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“Not suitable to alarm” the public about the W meningocock strain in May, says Northland DHB

It had not been "appropriate" to warn the public about a "very scary load" of meningitis when the first time…

It had not been “appropriate” to warn the public about a “very scary load” of meningitis when the first time came to medical attention six months ago, “said Northland DHB.

On Tuesday, DHB sent a media release warning the public to be vigilant about a “significant increase” of Group W meningokock disease in the region after three people died. The Ministry of Health also issues a warning to emergency departments and general practitioners about the increasing number of cases.

But in May, clinical microbiologist David Hammer had circulated a letter to DHB staff alert about the “significant increase” in meningococci W ST-1

1 cases across New Zealand.

Northland DHB’s state of health, Dr José M Ortega, said that DHB questioned claims that the public should have been warned earlier about the meningokock W strain (MenW).

* Northland DHB warned of the W meningocock strain in May, but did not tell publicly until November
* Two new jabs possible in the light of the new type of meningococci to worry about
] * * Teenage boy died of meningococcal disease, remembered as “helpful” classmate
* Teenage dies of suspected meningococcal disease after Auckland youth camp

“In May, we had two unrelated adult cases of MenW due to careful monitoring, “Ortega said.

“Without determined information, it was not appropriate to lame society.”

The new strain of meningococci presented itself as “some form of infection” and occurred randomly for no apparent reason, he said.

Hammer had increased the awareness among staff because the presentation of meningococcus tends to be more atypical than other strains, he said.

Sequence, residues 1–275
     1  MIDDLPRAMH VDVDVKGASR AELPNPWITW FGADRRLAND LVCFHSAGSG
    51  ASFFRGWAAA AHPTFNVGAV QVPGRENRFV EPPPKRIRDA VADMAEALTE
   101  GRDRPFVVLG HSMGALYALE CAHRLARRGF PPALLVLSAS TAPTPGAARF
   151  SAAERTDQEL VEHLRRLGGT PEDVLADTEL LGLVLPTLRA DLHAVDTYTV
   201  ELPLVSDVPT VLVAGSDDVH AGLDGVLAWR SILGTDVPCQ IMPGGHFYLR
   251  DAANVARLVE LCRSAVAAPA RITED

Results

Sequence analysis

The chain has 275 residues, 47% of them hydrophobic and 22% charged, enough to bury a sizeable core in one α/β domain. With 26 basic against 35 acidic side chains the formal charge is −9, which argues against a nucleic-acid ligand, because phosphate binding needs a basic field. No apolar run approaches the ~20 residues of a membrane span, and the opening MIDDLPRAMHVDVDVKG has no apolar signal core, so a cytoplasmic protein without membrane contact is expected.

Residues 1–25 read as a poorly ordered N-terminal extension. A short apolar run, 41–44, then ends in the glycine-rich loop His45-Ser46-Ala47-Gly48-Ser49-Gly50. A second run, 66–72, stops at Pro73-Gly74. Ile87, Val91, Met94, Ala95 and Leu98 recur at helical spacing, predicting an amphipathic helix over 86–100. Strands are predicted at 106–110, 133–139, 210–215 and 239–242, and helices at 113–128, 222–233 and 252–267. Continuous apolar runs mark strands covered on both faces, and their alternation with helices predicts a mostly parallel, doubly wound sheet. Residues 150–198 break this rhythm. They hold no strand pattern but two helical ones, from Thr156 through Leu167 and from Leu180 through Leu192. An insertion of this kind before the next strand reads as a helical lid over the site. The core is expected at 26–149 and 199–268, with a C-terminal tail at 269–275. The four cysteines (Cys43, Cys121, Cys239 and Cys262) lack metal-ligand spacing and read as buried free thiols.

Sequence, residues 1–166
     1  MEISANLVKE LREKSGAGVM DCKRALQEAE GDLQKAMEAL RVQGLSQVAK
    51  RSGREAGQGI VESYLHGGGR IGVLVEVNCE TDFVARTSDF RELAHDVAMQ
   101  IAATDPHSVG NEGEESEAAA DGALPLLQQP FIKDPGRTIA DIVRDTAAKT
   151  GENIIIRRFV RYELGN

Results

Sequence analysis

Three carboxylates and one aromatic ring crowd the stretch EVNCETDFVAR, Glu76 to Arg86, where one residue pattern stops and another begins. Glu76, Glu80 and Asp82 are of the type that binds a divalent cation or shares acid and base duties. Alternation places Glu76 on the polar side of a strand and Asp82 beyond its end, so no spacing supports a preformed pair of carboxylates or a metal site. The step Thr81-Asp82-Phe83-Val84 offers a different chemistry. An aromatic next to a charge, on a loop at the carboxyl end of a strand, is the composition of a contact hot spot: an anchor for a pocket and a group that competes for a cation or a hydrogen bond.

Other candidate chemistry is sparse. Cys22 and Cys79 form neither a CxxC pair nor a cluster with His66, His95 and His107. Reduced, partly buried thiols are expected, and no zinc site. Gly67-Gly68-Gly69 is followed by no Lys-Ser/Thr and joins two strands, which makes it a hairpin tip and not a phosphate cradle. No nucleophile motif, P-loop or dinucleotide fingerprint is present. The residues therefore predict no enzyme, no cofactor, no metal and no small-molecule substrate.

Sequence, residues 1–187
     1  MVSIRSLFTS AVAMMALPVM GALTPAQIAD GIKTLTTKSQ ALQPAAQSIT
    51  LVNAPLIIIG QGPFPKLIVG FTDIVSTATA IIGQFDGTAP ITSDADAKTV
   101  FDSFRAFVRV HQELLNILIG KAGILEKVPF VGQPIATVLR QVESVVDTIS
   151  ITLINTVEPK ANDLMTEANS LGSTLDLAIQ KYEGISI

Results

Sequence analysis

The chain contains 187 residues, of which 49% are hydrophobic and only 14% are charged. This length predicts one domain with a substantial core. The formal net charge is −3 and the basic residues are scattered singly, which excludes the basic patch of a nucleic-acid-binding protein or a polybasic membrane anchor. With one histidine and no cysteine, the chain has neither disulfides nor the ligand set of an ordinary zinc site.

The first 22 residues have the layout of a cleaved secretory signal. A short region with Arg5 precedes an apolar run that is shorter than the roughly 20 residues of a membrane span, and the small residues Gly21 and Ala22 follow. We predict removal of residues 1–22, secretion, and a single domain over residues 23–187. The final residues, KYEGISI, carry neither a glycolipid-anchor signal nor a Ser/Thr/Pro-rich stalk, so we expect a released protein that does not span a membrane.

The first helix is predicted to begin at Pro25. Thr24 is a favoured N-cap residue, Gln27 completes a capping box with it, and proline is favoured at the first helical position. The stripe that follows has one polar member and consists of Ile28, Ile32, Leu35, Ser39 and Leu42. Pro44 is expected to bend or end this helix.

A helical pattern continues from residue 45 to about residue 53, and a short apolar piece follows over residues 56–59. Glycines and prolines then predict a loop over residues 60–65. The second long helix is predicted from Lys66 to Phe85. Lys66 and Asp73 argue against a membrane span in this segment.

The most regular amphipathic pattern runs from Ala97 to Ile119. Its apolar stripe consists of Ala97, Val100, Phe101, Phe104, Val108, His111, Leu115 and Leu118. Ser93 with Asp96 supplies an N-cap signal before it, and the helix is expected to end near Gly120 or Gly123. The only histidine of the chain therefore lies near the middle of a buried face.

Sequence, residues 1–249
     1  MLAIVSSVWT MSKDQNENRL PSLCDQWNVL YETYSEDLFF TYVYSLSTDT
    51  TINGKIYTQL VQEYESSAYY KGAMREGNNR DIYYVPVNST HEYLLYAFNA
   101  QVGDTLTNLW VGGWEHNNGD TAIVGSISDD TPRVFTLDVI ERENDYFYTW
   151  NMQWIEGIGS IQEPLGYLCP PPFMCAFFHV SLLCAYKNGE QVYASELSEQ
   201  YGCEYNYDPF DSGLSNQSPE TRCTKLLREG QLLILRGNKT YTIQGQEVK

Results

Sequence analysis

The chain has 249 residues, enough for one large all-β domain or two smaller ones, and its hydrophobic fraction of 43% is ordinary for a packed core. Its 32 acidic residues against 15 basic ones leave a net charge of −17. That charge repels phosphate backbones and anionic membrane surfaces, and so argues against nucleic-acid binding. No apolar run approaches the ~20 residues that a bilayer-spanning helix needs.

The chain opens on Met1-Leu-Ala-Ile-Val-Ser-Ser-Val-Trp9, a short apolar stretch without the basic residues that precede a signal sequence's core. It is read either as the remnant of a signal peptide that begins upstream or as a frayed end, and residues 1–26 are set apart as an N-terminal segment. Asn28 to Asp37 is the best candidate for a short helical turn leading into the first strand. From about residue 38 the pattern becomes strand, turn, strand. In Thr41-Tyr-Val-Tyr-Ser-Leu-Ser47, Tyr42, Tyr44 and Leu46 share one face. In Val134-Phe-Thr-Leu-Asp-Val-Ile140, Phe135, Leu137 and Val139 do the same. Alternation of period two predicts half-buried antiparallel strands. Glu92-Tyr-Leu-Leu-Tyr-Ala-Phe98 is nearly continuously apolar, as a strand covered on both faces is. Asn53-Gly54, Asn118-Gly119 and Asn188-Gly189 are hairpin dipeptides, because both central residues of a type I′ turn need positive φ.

In October, the 16-year-old Dion Hodder from Group W died meningococcal disease.

“We are still monitoring and monitoring the disease incidence, as well as good public health practice, and we are studying some historical epidemiological data on invasive meningococcal disease, hoping that this will inform future decisions about our response. [19659009]” Public Health Group and Dr. Hammer is in continuous dialogue with the Ministry of this disease and [on Thursday] will participate in the Technical Advisory Group Meeting organized by the Ministry of Home to begin work on reducing meningococcal disease across New Zealand.

“DHB will be run by the ministry forward,” says Ortega.

Twenty four cases had already been confirmed this year. Throughout the country, six patients have died of the W strain.

Immunization Advisory Center Research Director and University Lecturer at the University of Auckland, Dr. Helen Petousis-Harris, said the W-strain struck people of all ages and seemed “super virulent”.

“The number of cases caused by this tribe has doubled since 2017 from 12 to 24 so far,” said Petousis-Harris.


A letter sent to Northland DHB staff in May warned of a “scary” strain of meningococcal disease – Six months before the public was told (file).

“People who have this tribe are more likely to die.”

“For To make this worse, signs and symptoms are a bit different from the usual ones that make the diagnosis more difficult. “

Petousis-Harris said that physicians were urged to be looking for meningococcal disease and administer antibiotics if they suspected it.

” Meningococcal disease is rare but lethal. We have vaccines that protect against the meningococcal groups that circulate in New Zealand, including the new hypervirulent W and groups B and C that cause most cases. “


Immunization Advisory Center Research Director Dr Helen Petousis -Harris says that people with the W strain are more likely to die as it is “super virulent.”

Hammers internal memo said that the disease tended to “spread rapidly even though areas where younger people gather, such as schools, hostels, army barracks and university camps. “

Northland Teen Dion Hodder was one of the three people who had died of meningococcal disease this year.

On October 16, the 16-year-old was at a St John Youth training camp on Motutapu Island when he became ill with the disease Hodder moved to Aucklan d City Hospital where he died just before midnight.

His mom Todd Horton and stepfather Lance Horton said that Dion had died from the W-tribe.

Dion’s mother said it was hard to know how to feel about the internal note.

“It does not really matter to us right now,” says Horton.

“Meningokock is one of these diseases it has been around for a long time and everyone knows the signs and symptoms but I think that we must only become aware that with these newer strains some of these signs and symptoms are not as visible and not as prominent. “

” I would hate thinking of other parents who go through what we’re going through right now. “

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